“No man is an island.” -John Donne
As we retreat to our homes, watching our daily rhythm topple piece by piece, perhaps we are all discovering the ways in which we lean on each other that we never noticed before. Although we must by necessity remain distant, let us not isolate ourselves by voice, by spirit, by thought. And indeed let us not forget, not even for a moment’s time, the essential nature of the artistic contribution. Art is necessary in the best of times, more so when there is upheaval. The act of making art is a gesture of peace and calm and a call to arms (for hugging) to unite a worried and fragmented world.
Adam de Boer lives and works in Los Angeles. When he spoke to us he was enmeshed in a series of batik paintings for an exhibition at Hunter Shaw Fine Art Gallery alongside the work of artist Tammy Nguyen. Batik is a wax resist dying technique native to Java Indonesia, where de Boer’s father was born. Growing up a suburban kid, it was surfing that first led de Boer back to his ancestral home where he encountered Batik. His paintings are hybrid works that draw on his particular ancestry and trajectory. The cover image on this week’s newsletter is de Boer’s Fool’s Cap Map of the World which the artist discusses extensively in the interview. To hear this and more, listen to the entire conversation.
Nicole Schmolzer spoke to us from Switzerland in an area without a vibrant arts scene although Schmozer herself had a robust primary school art education in her little town. She is not far from Basel where the art scene is world famous but for Schmolzer the scene wasn’t enough so she left for New York once completing school. Her time there helped define her work and studio practice. For her, the change between the two places was a benefit, offering different ways of working. Her studio in Switzerland is larger and her community quieter as opposed to New York where space is limited and you never know what will happen from day to day. Both worlds, Schmolzer says, have their place. To hear more about her career and insights, listen to the complete interview.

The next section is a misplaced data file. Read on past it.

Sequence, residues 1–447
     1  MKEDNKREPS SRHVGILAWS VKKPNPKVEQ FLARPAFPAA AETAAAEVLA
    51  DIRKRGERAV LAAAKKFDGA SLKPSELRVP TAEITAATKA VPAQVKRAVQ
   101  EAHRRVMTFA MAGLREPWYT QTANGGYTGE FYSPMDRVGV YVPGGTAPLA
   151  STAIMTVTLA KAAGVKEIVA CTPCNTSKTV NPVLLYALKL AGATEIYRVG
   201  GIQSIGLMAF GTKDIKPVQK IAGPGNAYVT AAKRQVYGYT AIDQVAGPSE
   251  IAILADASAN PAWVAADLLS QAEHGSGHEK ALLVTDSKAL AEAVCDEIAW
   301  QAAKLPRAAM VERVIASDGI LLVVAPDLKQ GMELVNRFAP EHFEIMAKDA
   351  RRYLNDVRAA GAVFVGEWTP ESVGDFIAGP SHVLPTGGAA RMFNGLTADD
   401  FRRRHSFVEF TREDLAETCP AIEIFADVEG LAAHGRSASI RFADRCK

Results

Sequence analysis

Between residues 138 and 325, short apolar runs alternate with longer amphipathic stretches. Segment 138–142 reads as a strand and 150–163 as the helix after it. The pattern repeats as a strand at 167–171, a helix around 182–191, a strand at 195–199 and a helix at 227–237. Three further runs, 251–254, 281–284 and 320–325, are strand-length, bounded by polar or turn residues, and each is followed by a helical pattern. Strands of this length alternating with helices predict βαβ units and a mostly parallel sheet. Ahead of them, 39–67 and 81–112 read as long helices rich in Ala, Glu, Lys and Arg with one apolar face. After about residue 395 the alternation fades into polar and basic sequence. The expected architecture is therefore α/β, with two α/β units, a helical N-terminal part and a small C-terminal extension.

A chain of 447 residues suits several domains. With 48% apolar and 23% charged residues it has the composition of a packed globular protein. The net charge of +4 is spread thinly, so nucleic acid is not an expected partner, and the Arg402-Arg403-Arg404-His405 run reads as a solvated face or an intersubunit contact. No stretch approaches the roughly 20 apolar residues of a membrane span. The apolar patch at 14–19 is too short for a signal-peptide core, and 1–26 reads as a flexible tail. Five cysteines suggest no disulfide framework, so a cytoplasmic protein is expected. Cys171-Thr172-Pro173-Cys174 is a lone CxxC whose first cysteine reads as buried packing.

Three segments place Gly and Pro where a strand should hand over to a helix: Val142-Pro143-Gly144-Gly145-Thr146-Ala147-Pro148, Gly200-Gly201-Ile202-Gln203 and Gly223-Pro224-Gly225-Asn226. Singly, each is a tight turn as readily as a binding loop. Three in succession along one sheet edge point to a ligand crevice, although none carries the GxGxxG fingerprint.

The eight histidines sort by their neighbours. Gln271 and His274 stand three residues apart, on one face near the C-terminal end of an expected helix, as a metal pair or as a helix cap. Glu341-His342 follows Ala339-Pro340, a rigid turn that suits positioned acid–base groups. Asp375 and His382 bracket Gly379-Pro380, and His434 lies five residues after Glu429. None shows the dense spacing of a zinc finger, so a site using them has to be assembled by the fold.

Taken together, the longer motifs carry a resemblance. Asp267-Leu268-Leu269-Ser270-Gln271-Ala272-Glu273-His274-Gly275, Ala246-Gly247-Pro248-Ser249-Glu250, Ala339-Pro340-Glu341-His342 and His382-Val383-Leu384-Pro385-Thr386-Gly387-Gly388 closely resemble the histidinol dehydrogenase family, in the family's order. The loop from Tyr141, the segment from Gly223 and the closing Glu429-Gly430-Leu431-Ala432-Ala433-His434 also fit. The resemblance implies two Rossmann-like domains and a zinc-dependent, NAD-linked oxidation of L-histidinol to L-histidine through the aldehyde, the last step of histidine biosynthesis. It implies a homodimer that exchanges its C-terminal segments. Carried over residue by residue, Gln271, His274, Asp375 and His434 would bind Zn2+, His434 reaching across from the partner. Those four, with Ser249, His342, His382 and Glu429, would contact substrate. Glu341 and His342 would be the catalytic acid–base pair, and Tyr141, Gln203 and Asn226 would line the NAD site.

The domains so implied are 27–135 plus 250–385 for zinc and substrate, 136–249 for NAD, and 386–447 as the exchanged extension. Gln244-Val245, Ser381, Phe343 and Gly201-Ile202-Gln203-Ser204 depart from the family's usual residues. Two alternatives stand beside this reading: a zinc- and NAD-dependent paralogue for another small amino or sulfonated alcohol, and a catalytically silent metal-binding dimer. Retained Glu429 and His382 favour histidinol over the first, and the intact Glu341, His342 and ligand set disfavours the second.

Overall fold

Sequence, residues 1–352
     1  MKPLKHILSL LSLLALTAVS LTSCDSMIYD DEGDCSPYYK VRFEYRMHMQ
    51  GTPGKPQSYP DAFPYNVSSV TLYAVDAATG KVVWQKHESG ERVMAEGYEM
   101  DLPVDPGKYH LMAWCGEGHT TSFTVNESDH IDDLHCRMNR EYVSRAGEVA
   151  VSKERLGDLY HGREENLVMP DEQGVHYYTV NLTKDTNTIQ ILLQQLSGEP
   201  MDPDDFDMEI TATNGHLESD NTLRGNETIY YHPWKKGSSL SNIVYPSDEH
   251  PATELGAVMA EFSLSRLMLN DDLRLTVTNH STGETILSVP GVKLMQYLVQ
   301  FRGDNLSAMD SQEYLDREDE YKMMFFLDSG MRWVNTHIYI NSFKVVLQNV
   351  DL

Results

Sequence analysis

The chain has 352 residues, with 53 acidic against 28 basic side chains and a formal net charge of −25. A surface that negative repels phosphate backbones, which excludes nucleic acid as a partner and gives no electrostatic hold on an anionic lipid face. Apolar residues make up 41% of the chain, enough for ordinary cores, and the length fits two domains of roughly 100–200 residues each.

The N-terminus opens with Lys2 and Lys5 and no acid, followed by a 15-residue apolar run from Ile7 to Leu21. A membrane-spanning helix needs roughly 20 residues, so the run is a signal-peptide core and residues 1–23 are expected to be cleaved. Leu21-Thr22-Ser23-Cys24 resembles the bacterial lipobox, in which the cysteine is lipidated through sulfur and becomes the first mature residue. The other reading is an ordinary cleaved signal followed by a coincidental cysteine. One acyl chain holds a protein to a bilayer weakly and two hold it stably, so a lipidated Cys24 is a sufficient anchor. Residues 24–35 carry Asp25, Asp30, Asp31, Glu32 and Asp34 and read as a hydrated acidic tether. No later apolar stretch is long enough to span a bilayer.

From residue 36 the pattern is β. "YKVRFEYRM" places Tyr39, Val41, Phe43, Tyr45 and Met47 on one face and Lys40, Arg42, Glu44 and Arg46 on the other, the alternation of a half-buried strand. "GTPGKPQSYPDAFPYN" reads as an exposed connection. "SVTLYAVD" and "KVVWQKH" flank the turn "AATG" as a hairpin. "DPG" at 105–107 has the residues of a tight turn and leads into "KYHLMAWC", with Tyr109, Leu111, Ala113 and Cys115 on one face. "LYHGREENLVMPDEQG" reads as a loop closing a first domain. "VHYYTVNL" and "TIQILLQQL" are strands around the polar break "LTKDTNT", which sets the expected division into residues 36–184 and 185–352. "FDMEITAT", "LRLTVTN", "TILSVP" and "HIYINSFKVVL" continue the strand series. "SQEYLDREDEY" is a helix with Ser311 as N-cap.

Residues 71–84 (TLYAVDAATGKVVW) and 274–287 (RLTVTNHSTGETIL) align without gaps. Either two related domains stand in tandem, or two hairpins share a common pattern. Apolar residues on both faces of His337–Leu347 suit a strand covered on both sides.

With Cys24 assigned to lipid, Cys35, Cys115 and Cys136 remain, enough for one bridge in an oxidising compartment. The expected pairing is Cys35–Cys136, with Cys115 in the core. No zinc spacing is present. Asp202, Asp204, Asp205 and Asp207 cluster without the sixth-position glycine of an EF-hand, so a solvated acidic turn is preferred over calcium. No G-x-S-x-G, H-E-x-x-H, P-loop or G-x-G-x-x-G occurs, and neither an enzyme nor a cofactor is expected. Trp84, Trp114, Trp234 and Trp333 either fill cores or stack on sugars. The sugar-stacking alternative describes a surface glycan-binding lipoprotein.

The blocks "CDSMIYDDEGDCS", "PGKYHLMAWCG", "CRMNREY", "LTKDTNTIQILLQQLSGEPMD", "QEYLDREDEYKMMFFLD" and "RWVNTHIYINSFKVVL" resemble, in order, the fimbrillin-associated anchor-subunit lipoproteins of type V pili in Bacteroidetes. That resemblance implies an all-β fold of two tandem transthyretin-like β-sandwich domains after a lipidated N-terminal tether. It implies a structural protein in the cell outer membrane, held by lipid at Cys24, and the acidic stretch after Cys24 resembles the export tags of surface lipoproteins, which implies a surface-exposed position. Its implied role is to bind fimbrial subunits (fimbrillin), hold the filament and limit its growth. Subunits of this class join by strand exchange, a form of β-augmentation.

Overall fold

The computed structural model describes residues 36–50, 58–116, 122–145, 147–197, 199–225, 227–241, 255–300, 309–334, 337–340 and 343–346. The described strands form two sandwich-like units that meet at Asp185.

A Few Words to Keep in your Pocket:
Although the way ahead remains uncertain, and many of us are forced apart, art stands as a beacon of hope, guiding the world along a new path.
Books to Read
Artists and curators interested in the opportunity to hold an exhibit at a storefront gallery in East Chelsea, New York are invited to apply for CUE‘s current open call. Two artists as well as an emerging curator are selected each year and are paired up with a CUE selection panel member who acts as guide. CUE offers shipping budget, honorarium and other incentives to selected artists and curators. For full details, visit the website. Deadline for submissions is March 18.
Weekly Edited Grant and Residency Deadlines – review the list here.
Brainard Carey is an author, artist and educator. He is the director of Praxis Center for Aesthetics. He has written six books for artists; Making it in the Art World, New Markets for Artists, The Art World Demystified, Fund Your Dreams Like a Creative Genius, Sell Online Like a Creative Genius and Succeed with Social Media Like a Creative Genius.